Not long ago I published an article entitled ‘On Preparation’. Essentially, this was an attempt to explain what preparation means in chess terms, and (had you read it) you could be forgiven for thinking it was intended solely for the initiated. Strictly speaking, this is not so, but certainly much of its terminology would sound rather obscure to readers less familiar with our ancient game; what does 1. e4 mean, for instance?
To answer this question, I refer you to the diagram above. As you can see, each square on the chessboard is represented by a letter and a number…
This article focuses on the approach of chess specialists, as well as some of the psychological and creative elements of the game. This is a general view only, as a more comprehensive guide would exceed the scope of this work.
We could simplify chess as a game of ‘you go here, and I go there.’ A broader knowledge of the game’s intricacies, its nuances and subtleties, reveal something more complex, however. And many serious players believe they are doing something cosmic (or, at the very least, scholarly): in every position there is, as it were, a mystery/problem to be solved.
In examining the traditions of Christianity in Britain, it is interesting to note that several of its churches were constructed on top of sites previously dedicated to Pagan gods. Canterbury, for instance, was formerly home to a temple built in honour of Jupiter. In terms of material culture, then, it is clear that the early church fathers understood the powerful effects that such monuments exerted on the religious imagination. And as evidenced by David Morgan, in an article entitled The Construction of Material Culture, these effects are just as profound today as they were to our distant forebears:
There is beauty in the world, and I need look no further than you for proof. You have soul and sensitivity, too, and that’s why I love you :)
You are mindful, caring, conscientious, sweet and loving, and every day I am thankful that you’re in my life. I cannot tell you how wonderful it feels to have someone who I feel safe around, to feel that my vulnerabilities are accepted and will not be abused. …
My dearest Danni,
You know now, unmistakeably, my heart’s desire for the love of a good woman and a good woman to love. Love is something the heart has made welcome, and you are that woman. Thankyou a thousand times.
I love your vulnerability, your transparency, and how you don’t pretend to be anyone other than you are. And, accepting me in equal measure, then— for what on God’s great earth could I possibly ask?
I love your eyes — wow, those fucking eyes!—and the way they drift into seas of emotion only to return to mine. …
What an intriguiging article!
Writing as something of a grammarian pedant, I took the liberty of highlighting Amy's appetite for kittens; that's an acquired taste, for sure! To my mind, the first "and" in this sentence is redundant, whereas in the second instance its usage sounds appropriate.
The funny thing about a lot of arguments is that they invite dualistic - i.e. "either/or" - thinking. Obviously this is the nature of arguments. However, it's often the case that both parties are right, not that one party is wrong and the other is right.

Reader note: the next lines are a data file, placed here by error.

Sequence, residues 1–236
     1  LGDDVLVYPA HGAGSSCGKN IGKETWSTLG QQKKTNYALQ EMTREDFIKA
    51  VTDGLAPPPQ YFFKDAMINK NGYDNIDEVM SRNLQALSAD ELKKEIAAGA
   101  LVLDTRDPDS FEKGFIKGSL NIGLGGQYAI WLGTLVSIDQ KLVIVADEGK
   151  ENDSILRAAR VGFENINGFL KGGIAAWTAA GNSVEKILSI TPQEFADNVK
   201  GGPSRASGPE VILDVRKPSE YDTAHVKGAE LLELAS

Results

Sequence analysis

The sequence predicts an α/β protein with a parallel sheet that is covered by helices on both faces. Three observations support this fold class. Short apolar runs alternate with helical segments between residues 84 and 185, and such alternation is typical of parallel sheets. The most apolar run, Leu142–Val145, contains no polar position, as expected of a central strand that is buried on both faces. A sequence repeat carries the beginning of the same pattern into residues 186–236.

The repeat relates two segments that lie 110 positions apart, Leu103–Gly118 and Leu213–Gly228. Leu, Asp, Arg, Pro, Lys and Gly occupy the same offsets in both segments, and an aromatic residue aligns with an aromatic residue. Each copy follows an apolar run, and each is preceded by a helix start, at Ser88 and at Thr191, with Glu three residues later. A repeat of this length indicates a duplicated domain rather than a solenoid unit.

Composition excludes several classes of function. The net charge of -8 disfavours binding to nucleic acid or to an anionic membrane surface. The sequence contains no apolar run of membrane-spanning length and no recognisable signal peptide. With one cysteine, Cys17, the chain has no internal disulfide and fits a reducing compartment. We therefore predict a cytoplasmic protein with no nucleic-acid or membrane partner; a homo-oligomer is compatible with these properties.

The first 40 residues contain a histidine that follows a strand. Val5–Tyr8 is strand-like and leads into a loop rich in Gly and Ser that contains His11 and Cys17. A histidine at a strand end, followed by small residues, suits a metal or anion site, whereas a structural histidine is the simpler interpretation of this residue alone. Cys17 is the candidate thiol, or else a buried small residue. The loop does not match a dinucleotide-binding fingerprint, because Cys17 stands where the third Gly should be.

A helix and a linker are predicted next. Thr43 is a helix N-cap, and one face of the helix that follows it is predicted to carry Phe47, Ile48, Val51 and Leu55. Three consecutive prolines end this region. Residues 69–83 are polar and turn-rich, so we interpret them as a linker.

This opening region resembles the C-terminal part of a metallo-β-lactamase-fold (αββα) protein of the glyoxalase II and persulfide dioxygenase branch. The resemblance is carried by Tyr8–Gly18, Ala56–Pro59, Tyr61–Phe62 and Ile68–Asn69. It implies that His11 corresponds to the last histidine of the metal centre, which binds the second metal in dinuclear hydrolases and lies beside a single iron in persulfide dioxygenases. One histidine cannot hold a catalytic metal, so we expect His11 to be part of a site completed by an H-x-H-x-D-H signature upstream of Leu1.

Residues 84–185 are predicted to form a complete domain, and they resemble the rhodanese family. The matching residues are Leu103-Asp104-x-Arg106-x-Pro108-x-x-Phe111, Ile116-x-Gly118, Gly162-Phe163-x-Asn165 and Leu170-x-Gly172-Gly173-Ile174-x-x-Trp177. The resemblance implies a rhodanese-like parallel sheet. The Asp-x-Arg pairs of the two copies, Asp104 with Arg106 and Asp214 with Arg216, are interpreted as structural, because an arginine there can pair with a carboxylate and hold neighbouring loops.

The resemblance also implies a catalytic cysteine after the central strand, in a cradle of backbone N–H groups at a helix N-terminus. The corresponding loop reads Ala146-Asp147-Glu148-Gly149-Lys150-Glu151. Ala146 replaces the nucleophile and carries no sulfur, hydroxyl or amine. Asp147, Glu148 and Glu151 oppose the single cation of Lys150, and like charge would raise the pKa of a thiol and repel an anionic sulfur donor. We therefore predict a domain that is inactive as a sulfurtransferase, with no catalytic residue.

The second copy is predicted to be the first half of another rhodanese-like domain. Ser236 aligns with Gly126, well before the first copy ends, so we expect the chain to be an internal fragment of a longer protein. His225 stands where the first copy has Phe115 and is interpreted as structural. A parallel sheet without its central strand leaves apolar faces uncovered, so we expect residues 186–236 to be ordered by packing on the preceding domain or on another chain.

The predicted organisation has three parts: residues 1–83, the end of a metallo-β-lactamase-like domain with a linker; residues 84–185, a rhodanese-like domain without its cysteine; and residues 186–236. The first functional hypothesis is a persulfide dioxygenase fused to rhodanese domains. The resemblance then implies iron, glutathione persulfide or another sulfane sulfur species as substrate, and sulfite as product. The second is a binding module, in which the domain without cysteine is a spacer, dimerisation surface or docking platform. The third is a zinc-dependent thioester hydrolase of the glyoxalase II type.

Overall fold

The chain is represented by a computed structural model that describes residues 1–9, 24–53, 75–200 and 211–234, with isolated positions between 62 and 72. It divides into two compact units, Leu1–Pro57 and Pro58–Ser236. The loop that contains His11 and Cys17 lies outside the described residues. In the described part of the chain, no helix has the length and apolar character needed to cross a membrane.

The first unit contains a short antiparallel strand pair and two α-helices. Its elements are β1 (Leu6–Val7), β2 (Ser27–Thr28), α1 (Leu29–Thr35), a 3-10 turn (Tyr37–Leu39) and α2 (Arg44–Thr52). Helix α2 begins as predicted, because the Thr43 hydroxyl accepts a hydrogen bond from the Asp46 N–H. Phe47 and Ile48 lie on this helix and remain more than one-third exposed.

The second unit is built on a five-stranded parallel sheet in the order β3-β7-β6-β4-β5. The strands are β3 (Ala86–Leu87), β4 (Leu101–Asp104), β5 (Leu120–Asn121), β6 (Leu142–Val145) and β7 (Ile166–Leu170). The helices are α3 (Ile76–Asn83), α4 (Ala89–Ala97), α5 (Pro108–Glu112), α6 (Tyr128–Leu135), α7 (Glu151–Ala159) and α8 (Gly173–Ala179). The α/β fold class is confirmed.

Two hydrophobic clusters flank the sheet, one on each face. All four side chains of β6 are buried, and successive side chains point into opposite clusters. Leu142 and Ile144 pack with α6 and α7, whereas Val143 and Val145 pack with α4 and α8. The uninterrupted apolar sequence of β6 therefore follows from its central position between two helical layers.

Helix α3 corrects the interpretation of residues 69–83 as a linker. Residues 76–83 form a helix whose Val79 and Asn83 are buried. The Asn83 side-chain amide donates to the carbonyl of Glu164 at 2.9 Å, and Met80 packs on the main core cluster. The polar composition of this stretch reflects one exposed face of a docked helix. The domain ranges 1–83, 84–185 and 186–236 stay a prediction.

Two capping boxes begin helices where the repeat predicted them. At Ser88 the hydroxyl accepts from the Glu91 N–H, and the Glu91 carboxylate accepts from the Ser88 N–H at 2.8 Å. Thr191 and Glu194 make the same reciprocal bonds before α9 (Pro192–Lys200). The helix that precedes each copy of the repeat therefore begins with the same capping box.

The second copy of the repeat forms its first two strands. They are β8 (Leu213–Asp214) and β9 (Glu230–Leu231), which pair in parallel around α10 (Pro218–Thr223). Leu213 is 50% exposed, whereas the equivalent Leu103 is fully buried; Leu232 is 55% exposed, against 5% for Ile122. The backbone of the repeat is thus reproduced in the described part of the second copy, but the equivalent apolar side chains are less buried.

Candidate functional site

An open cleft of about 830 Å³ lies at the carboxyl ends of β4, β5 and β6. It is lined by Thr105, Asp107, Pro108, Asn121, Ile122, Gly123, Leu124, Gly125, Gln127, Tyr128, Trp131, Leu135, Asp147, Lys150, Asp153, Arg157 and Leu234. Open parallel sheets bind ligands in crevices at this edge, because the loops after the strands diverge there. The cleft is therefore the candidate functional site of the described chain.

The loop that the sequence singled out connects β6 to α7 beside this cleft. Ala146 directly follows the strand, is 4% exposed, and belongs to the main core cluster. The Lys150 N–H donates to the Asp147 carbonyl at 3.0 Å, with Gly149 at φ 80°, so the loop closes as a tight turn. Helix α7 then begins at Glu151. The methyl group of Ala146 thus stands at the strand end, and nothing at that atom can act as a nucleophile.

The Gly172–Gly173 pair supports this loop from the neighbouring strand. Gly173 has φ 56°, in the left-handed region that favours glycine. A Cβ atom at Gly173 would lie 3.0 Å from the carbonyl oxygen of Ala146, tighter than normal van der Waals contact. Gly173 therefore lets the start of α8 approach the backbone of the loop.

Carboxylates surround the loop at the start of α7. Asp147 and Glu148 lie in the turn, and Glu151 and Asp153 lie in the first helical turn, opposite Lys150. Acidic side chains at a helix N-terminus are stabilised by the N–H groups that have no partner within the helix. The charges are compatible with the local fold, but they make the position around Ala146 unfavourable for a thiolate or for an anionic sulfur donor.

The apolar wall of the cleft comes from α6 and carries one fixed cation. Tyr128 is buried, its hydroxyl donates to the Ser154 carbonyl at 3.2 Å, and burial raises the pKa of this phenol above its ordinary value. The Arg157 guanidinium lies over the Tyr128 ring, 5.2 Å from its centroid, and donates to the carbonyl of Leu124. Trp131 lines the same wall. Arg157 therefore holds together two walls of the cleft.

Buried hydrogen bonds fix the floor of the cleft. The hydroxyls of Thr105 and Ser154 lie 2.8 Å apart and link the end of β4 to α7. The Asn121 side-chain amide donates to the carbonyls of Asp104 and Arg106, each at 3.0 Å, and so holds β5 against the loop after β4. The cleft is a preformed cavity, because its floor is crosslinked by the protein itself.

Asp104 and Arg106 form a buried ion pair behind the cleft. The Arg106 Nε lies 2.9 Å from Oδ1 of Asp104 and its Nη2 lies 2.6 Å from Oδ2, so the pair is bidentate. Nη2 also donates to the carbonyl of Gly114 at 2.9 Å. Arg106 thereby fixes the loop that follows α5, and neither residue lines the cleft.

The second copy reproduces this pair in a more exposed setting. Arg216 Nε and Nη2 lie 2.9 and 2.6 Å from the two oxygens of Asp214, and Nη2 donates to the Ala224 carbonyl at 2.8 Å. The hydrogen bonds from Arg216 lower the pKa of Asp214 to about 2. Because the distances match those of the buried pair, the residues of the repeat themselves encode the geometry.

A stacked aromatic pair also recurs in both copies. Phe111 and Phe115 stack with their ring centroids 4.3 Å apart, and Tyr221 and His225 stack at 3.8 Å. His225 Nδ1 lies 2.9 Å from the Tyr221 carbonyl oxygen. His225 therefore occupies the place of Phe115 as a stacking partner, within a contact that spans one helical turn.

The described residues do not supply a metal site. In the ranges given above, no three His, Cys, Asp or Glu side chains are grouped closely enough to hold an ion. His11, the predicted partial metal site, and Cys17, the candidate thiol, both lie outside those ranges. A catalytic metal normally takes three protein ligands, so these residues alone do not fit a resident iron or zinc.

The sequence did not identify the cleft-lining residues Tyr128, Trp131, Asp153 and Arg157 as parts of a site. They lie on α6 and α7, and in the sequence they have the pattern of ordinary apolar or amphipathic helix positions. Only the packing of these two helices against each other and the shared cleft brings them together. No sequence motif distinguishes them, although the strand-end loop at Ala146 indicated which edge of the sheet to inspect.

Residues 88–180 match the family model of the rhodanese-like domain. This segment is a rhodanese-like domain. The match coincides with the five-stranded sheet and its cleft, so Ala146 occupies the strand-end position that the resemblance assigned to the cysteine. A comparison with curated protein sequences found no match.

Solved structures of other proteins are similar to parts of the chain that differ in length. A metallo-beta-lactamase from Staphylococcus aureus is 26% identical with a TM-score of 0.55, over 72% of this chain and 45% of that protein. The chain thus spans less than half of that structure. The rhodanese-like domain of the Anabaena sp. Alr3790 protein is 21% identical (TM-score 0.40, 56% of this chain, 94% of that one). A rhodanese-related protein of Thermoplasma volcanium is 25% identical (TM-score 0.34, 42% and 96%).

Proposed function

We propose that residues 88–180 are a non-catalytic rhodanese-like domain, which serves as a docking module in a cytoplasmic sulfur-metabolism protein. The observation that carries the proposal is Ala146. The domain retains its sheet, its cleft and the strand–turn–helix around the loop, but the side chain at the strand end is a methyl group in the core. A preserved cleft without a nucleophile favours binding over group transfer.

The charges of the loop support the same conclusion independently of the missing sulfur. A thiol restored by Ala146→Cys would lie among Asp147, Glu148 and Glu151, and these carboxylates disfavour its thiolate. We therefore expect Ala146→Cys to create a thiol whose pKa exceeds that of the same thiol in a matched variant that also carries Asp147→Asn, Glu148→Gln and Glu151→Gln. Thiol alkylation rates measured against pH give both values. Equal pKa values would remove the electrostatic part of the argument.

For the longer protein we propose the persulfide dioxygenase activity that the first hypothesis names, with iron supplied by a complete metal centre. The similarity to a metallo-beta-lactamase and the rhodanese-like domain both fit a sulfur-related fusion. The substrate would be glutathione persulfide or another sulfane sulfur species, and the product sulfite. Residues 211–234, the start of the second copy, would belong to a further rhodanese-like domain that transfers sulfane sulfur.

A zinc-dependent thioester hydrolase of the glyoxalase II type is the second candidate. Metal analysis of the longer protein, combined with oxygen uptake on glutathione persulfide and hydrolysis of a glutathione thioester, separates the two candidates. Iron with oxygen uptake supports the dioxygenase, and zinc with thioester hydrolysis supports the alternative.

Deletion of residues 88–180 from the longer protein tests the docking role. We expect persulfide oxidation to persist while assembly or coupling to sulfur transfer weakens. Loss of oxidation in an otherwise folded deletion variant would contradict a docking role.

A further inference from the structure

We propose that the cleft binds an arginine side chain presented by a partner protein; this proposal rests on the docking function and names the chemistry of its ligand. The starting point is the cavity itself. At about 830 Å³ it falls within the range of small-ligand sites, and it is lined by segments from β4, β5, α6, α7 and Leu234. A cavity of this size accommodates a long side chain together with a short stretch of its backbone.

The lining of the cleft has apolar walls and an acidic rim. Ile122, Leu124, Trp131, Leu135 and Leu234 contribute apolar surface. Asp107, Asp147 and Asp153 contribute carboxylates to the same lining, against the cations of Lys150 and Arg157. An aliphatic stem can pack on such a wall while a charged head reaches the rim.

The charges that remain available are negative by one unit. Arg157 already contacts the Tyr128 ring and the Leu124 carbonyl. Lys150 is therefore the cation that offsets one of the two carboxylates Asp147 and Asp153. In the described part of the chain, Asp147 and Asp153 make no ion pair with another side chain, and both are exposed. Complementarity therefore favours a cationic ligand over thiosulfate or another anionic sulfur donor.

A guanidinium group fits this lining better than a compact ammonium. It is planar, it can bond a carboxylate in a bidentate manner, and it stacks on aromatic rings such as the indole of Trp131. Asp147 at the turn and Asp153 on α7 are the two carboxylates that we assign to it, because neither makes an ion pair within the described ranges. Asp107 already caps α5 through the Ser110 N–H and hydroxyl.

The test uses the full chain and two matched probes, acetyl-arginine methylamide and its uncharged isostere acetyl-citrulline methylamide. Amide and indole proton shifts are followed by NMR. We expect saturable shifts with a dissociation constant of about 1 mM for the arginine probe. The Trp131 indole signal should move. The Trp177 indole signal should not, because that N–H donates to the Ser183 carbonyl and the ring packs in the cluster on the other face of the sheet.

You may have noticed that, like your dear selves, I'm also a colon explorer :)
The Ditchley Portrait, painted in 1592 by Marcus Gheeraerts The Younger, was commissioned by, and produced for, Sir Henry Lee. Lee was the Queen’s Champion from 1559–90. Ditchley, near Oxfordshire, was also the residence of Lee, where in an effort to reconcile certain contradictions that had arisen between himself and Elizabeth he proffered a performance of elaborate displays of homage to her. The Ditchley Portrait was one such token of his esteem which also served to commemorate the event.
As though to acknowledge her champion’s devotion, the portrait sees Elizabeth standing on the county of Oxford. However, Gheeraert’s portrayal constitutes…
It has long been the quest of philosophers to find some noble truth by which we could live by and thereby realise happiness. And, as evidenced by their numerous expositions, all knowledge depends upon the question asked.
Recently I came across an intriguing question posed by Plato, the pivotal figure of western philosophy. His question was: “How can happiness dwell when continual becoming and never being are the sole form of existence?”
Initially, I responded to this as a pessimist; “Indeed,” I thought, “what’s the point of even pursuing happiness when all it seems to do is elude me?” …
The late comedian George Carlin (1937–2008) once posed an intriguing question: “Do we really have our own words?” Since we all share the same culturally sanctioned dictionary, isn’t our vocabulary “available for hire” as it were? Yes, no, maybe?
In any case, certain statements have echoed down the ages. And even more recent observations will no doubt continue to impress upon our imagination as we pursue the frontiers of understanding.
Largely for my own amusement, I have compiled a list of my favourite quotes. And, just for good measure, included is a sketch from the inimitable George Carlin himself :)
Aries; chess enthusiast/teacher; agent of consciousness. Words belong to those who use them, only till someone else steals them back!